The DRIVER RATE-BASED ABC describes under the pull approach the method of costing generates financial under recovery or over recovery.
The DRIVER RATE-BASED ABC describes under the pull approach the method of costing is capable to solve the financial variance problem but the factors of different cost rtaes that must be applied for cost allocation an d the measurement of efficiency in cost allocation with respect to the different departments is completely ignored
On the other hand the Time driven-ABC is capable to solve some of the challenges in DRBABC because the costing method is capable to provide both a full assignment of the expenses as costs and also offers meaningful capacity utilization measure under both the pull and push approach.
Similarities & differences of the accounting topics
From the above discussion it is clear that that the journal article “Activity-Based Costing: Usage and Pitfalls” describes the superiority of the activity based costing over the traditional costing method i n those organization where manufacturing over head is a substantial part of the total costing and the organization is engaged in producing differentiated products.
Aging the journal article “Time driven or Driver Rate-Based ABC: HOW DO YOU CHOOSE? Describes that when a management accountant is looking for applying the activity based costing then he have to choose between the time driven approach and driver rated approach depending upon the operational structure of the organization(Hill, 2017)
Thus the first article describes the superiority of the ABC costing method over traditional costing method and the second article describes the best approach to be chosen between the two different ABC approach as per the operational structure and shortcomings of the respective approach.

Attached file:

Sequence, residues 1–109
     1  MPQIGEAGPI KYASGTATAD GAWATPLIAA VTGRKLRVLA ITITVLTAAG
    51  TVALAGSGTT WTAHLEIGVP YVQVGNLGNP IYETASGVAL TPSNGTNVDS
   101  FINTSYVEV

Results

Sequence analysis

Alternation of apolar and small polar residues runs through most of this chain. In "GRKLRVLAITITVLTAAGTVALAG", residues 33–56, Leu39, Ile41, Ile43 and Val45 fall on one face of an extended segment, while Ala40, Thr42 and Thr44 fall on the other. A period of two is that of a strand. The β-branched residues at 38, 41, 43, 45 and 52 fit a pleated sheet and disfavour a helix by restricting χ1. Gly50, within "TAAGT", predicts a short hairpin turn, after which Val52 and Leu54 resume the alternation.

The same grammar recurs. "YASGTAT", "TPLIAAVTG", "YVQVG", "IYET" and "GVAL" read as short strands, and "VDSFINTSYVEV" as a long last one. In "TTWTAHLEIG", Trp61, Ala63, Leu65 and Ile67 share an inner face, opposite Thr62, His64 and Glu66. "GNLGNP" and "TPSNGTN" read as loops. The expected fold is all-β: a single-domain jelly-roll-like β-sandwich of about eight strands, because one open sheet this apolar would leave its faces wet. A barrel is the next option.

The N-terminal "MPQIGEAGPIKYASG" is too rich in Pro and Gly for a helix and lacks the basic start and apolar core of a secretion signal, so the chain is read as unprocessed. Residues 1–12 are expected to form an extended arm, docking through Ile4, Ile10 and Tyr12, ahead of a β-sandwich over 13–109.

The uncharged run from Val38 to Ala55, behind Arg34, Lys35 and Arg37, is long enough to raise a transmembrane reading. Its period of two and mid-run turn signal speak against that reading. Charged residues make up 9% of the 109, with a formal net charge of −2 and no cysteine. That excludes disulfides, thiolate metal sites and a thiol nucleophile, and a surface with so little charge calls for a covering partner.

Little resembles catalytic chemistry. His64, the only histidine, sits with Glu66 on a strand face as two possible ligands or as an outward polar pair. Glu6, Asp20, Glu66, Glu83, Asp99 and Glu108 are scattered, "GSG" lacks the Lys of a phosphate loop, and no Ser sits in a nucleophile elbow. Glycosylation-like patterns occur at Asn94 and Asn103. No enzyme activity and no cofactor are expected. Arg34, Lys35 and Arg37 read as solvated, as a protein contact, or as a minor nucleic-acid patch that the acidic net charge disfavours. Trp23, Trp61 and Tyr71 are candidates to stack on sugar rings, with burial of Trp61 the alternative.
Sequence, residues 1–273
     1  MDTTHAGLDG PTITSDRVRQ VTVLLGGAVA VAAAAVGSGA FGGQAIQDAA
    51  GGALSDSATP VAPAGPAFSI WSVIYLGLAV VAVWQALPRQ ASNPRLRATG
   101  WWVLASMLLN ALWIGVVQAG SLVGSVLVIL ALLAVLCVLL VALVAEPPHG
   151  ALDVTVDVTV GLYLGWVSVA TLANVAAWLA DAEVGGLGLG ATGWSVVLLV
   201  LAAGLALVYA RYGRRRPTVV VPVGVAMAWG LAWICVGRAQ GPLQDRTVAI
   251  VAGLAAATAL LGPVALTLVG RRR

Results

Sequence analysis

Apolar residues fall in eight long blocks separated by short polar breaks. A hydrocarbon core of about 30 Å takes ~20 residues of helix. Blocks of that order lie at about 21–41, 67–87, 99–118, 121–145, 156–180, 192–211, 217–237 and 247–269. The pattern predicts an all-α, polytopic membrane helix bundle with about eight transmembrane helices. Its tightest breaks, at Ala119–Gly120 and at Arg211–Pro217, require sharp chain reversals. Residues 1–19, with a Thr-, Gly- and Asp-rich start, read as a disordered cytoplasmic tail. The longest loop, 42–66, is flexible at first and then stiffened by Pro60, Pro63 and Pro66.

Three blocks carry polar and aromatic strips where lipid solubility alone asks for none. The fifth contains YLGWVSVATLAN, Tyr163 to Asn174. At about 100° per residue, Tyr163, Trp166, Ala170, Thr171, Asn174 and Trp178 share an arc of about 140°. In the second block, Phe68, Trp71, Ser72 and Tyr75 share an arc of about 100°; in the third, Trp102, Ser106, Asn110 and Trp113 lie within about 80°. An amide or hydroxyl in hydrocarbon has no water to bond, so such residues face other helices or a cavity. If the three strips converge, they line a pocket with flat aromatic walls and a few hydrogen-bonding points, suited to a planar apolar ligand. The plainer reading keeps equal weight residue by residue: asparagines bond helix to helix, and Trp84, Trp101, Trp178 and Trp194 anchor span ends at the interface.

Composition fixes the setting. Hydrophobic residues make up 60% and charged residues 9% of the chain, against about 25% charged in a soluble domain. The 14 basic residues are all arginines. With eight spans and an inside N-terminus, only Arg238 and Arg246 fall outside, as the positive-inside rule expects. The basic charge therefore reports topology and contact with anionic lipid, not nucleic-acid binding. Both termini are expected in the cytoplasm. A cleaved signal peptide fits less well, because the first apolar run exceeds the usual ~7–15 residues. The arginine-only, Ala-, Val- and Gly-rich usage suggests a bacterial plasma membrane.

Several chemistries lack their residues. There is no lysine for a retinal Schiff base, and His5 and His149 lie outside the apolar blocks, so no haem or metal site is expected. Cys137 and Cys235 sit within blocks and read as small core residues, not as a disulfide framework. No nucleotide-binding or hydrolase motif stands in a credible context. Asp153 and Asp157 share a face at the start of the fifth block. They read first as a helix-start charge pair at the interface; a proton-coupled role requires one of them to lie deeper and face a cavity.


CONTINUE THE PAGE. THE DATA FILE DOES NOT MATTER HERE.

Specific Outcomes that can be identified on the basis of research findings
The above discussion regarding the journal article of “Activity-Based Costing: Usage and Pitfalls” helps us to identify the following two outcomes from the research findings:
If the manufacturing process of a business organization is changing from labour intensive method to capital intensive method then the manufacturing overhead covers a bigger portion of the total manufacturing cost and in such a situation instead of traditional costing the activity based costing should be followed for more accurate allocation of overhead cost among the units produced. Otherwise the unit costing and pricing process will be badly affected. The activity based costing identifies the different activity drivers and accordingly divides or assign the cost pool to the different activities in portion in which they have been incurred with respect to the different activities(DRURY, 2013).
The second important outcome that is note worthy to mention is that in case of a manufacturing organization that is working under the flexible manufacturing process and producing products or services that are not homogenous in nature, it is better to use the ABC costing method for the allocation of the indirect overhead cost as here the overhead costs including the selling and distribution cost that have been incurred for manufacturing the different output units that are not homogenous in nature also different both in terms of quality and quantity(Zott & Amit, 2010).